Well, with that definition every game fits, since it's just a matter of defining "stupidly dangerous".I think what people really mean by it is "there should be a theoretical possibility that not everyone always survives if the group picks stupidly dangerous fights".
Victory over everythig not being a given is not actually a standard for all games.
The point is instead that we can put every ttrpg into one out of three categories:
On one hand we have games where combat is intended to be avoidable, and where ending up in combat can kill you (and by the laws of mathematical averages, actually will kill you if you don't avoid enough combats). This isn't quite a theoretical category, but it is by far the smallest and least popular one. I am only vaguely familiar with these games since I don't play them.
On the other hand we have games focused on combat, and combat-as-sport specifically. Whatever you or WotC may say about "equal pillars", the game is really all about combat, and upgrading your character to have fun doing combat. Avoiding combat is mostly just losing out on adventure.
Then we have the middle category, which I could derisively call "people who are bad at math". Games that purport to belong to the first category, but mathematical analysis proves they really belong to the latter. You might not have levels and hit points, but you have enough defensive reactions and action points and what not that in practice you still aren't dying. Personally I don't have time for games that try to hide the real probabilities behind nonsense like dice pools and convoluted multi-step procedures, but that might just be me being baseline proficient in maths.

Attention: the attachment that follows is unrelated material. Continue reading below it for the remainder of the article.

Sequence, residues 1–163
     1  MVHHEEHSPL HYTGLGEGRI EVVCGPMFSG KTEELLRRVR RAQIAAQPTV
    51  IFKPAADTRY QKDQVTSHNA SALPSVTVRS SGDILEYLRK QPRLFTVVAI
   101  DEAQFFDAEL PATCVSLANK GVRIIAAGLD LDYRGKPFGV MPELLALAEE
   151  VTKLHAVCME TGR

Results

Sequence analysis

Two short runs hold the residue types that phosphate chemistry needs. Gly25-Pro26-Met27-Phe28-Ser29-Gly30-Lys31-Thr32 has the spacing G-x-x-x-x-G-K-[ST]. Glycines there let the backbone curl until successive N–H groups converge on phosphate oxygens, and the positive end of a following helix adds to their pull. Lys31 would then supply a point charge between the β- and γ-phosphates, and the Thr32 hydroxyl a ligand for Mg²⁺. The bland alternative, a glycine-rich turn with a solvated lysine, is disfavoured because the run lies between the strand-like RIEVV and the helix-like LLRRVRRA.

But let me take a (likely) obscure example: the Swedish-language Samuraj game. As you might guess it's a game set in feudal Japan. What might surprise you is that it uses a pretty standard fantasy game engine (in the simplest terms, it's Basic Role-Playing), which is exceedingly lethal. Attacks hit a specified body part. You maybe have 4 hit points in each of those. But weapons still deal basically the same damage as in D&D - so a sword deals 1D8 damage, for instance. Ouch. If we disregard dodging and armor it's easy to see that this is a combat-as-war game. So it's all down to specific adventure scenarios.
Some work (almost regardless of your "level" you will die to an entire rabble of bandits, but if as soon as you cut the head bandit in half every one else flees, congrats, we have a writer that understands math) and some don't (if you're expected to have your standard half-dozen fights as you infiltrate the evil castle, as if you were having this scenario in yer bog standard D&D game, we have a writer that is completely oblivious to math).
Something like that. Anyway, we're off topic.